BEIJING — When Beijing set out last summer to quash resistance to its rule in Hong Kong, it imposed a national security law that empowered the authorities to arrest scores of democracy advocates and sent a chill over the city.
Now, less than a year later, China wants nothing less than a fundamental overhaul of the city’s normally contentious politics.
Zhang Yesui, a senior Communist Party official, announced on Thursday that China’s national legislature planned to rewrite election rules in Hong Kong to ensure that the territory was run by patriots, which Beijing defines as people loyal to the national government and the Communist Party.
Mr. Zhang did not release details of the proposal. But Lau Siu-kai, a senior adviser to the Chinese leadership on Hong Kong policy, has said the new approach is likely to call for the creation of a government agency to vet every candidate running not only for chief executive but for the legislature and other levels of office, including neighborhood representatives.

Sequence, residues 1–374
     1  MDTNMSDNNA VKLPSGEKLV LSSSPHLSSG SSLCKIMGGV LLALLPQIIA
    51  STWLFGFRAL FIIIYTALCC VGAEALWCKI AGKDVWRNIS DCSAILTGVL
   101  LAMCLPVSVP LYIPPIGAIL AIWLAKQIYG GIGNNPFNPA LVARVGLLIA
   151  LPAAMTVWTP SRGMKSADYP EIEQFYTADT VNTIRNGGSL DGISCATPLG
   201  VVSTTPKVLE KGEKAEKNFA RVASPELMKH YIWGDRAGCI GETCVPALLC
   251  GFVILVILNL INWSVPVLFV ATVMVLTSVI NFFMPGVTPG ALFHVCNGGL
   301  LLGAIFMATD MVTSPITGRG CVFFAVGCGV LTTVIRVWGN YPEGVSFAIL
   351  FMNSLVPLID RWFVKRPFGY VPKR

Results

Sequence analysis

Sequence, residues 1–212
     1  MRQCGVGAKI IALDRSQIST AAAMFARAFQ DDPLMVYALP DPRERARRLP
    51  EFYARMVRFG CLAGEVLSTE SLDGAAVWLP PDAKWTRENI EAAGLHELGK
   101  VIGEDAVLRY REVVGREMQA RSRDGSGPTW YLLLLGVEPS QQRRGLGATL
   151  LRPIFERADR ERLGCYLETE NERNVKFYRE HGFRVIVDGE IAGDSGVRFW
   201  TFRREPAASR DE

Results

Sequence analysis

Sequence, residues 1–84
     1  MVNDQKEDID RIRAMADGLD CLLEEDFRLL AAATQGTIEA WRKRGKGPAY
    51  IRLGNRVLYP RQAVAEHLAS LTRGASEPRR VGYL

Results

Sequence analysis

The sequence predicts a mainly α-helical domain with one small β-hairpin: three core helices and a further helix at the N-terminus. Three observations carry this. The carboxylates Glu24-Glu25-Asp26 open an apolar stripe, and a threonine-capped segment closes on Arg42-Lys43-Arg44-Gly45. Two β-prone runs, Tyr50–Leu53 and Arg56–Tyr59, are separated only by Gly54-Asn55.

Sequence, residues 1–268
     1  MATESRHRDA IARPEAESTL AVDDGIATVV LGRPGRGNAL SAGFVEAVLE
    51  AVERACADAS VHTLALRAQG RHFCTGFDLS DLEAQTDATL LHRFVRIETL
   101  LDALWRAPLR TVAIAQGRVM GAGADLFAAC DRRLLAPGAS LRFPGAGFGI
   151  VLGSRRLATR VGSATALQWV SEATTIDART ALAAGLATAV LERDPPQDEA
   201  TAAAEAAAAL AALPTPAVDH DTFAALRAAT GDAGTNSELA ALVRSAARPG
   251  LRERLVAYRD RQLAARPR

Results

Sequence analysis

National People’s Congress, indicated that political turmoil in recent years had created the need to change the territory’s electoral system to ensure a system of “patriots governing Hong Kong.”
He defended Beijing’s right to bypass local officials in Hong Kong in enacting such legislation, just as the central government did in imposing the national security law in June. The congress will discuss a draft plan for changes to the electoral system when it gathers for a weeklong session starting on Friday.
with conspiracy to commit subversion after they organized an election primary in July.
The democracy campaigners had hoped to win a majority in the local legislature in elections last September, then block government budgets, a move that could force Carrie Lam, Hong Kong’s leader, to resign. The government later postponed those elections. But the city’s prosecutors said the activists’ strategy of trying to oust the chief executive amounted to interfering with government functions, an offense under the security law.
Opposition politicians have defended their tactics as legitimate and commonplace in democratic systems and argue that they are merely fighting to preserve the city’s relative autonomy, promised under a policy known as “one country, two systems.”